4 items from 2015
The TCM Classic Film Festival returned to Tinsel Town for a sixth consecutive year, offering aficionados from across America and even some from abroad a groaning board of over 80 film classics and rarities to feast on. And starry-eyed fans got a chance to see some of their favorites do interviews or introduce films they are known for, including Sophia Loren (Marriage Italian Style) Shirley MacLaine (“The Apartment” and “The Children’s Hour”) and Ann-Margaret (“The Cincinnati Kid”). The four-day event, which ended Sunday, kicked off with a 50th anniversary screening of a splendidly restored version of “The Sound of Music” […] »
- Jack Egan
This story first appeared in the March 27 issue of The Hollywood Reporter magazine. TCM Classic Film Festival Various venues in Hollywood (Info: filmfestival.tcm.com) The latest edition of the four-day fest (March 26 to 29) features programs organized around specific themes and subjects ("Herstory," for example), as well as an impressive array of restorations and special presentations (from Imitation of Life to Chimes at Midnight to Marriage Italian Style). What truly distinguishes the event, however, is the access it offers to multiple rare titles in the space of a few days; this year's gems include Joseph
- Jordan Cronk
abstew here. Only 15 women in the 87 year history of the Academy have scored a Best Actress nomination for a foreign language performance. In contrast, British actresses have won Best Actress 14 times. While the Academy has always warmed to Brits, their European neighbors have had to struggle to breakthrough with recognition in the acting races. (There has still never been a Best Actress nominee for a performance in any language outside of a European origin.) The first actress to even score a nomination for a foreign language performance was Melina Mercouri for Never on a Sunday in 1960, over 30 years into the Academy's history. Only two women have actually won Best Actress for a foreign language performance and both those women have the even rarer distinction of being honored twice with nominations for foreign language performances. The first was Sophia Loren who won for 1961's Two Women and was nominated again for »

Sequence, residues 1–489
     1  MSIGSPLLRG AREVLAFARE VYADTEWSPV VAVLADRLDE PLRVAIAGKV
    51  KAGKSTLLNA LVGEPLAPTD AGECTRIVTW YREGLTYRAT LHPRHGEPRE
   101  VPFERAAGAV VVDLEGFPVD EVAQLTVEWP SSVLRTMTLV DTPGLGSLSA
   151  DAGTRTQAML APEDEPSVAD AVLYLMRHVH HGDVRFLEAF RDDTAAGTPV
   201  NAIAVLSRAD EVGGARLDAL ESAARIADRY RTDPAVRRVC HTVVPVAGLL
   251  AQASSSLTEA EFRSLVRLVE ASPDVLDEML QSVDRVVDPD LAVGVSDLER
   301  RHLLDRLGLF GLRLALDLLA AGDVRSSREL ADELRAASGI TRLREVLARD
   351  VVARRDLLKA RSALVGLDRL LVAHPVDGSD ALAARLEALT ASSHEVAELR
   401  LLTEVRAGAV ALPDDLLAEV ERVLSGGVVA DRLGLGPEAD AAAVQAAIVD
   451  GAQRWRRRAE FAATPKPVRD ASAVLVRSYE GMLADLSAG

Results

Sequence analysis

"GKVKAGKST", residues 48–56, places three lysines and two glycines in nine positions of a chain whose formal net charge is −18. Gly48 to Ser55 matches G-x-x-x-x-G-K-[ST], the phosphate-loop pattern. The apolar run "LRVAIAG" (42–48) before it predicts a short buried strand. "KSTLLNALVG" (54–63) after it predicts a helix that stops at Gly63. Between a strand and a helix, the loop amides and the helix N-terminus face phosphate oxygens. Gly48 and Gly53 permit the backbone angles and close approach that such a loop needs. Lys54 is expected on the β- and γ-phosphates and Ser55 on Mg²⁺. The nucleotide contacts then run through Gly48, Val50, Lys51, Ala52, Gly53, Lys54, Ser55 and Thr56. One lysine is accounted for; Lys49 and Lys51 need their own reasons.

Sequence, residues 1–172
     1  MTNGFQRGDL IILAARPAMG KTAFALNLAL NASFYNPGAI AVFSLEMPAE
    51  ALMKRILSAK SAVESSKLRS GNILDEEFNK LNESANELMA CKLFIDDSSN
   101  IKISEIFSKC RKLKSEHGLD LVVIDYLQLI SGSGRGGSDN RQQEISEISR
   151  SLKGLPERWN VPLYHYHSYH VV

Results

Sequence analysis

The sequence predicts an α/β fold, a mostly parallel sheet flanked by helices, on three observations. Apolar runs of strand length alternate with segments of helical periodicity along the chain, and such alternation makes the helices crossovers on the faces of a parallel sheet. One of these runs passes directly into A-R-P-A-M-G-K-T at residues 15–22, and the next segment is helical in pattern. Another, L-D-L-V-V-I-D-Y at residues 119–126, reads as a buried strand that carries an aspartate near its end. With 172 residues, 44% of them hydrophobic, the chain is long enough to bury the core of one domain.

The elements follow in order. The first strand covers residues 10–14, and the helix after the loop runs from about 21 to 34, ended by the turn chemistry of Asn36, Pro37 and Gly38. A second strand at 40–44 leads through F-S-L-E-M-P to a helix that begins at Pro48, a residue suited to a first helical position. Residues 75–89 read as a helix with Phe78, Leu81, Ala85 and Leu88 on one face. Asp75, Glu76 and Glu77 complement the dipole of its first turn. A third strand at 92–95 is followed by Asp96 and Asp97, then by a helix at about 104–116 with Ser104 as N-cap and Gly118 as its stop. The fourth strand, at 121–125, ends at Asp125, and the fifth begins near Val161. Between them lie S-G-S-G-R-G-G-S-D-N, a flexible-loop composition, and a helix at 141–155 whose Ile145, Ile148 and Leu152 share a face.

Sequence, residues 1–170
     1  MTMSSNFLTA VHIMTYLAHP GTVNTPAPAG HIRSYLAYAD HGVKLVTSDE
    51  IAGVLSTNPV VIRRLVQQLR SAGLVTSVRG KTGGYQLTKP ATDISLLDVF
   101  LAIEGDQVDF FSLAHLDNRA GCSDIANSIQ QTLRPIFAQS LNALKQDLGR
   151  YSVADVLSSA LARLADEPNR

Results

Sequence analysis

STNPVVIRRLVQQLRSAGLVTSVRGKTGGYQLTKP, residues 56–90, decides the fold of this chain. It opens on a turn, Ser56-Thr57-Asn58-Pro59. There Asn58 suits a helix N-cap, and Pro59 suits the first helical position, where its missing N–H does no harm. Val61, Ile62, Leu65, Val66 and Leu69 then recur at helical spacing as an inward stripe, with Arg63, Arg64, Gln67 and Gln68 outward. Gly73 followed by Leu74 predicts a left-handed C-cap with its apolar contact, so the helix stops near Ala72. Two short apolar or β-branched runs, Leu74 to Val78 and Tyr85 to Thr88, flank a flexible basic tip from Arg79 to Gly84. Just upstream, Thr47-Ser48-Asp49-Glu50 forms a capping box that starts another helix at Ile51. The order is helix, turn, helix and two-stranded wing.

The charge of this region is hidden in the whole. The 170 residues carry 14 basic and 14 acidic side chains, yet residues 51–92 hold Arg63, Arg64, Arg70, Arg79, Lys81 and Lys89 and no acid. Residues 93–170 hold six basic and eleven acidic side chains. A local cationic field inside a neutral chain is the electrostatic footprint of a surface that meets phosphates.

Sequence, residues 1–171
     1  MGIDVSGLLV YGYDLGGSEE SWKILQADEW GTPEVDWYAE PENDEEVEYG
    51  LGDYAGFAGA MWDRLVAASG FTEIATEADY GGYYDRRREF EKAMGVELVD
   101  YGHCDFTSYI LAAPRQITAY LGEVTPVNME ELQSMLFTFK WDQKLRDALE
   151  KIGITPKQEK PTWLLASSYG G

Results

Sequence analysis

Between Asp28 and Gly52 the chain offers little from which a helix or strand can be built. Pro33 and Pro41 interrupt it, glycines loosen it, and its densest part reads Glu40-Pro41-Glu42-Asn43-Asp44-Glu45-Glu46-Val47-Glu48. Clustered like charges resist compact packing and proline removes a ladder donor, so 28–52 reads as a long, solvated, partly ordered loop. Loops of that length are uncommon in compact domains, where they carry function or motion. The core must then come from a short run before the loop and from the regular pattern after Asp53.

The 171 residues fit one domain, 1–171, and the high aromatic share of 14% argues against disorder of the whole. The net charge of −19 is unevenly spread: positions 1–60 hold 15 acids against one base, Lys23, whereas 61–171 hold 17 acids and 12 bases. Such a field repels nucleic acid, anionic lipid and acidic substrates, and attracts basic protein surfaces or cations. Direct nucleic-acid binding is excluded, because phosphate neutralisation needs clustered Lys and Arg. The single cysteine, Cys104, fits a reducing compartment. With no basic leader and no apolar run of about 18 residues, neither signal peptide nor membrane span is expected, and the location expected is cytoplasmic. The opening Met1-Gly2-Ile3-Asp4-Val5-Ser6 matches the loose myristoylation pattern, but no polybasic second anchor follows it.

By Anjelica Oswald
With the addition of Marion Cotillard’s lead actress nomination for the Belgian film Two Days, One Night, 32 actors and actresses have been nominated for their performances in foreign-language films. Cotillard was nominated for her role as a young mother and wife struggling to salvage her job in Jean-Pierre and Luc Dardennes’ film, which was chosen as Belgium’s submission to the foreign-language category but failed to secure a spot on the Oscar shortist.
Though her performance did land a Critics’ Choice Award nomination, the Oscar nomination did come as a surprise for many pundits.
Cotillard was previously nominated for the French foreign-language film La Vie En Rose (2007) and won. She is one of six actors or actresses to win for a non-English role and is also the most recent winner.
The first acting nomination for a foreign-language performance went to Sophia Loren in 1962 for »
- Anjelica Oswald
4 items from 2015
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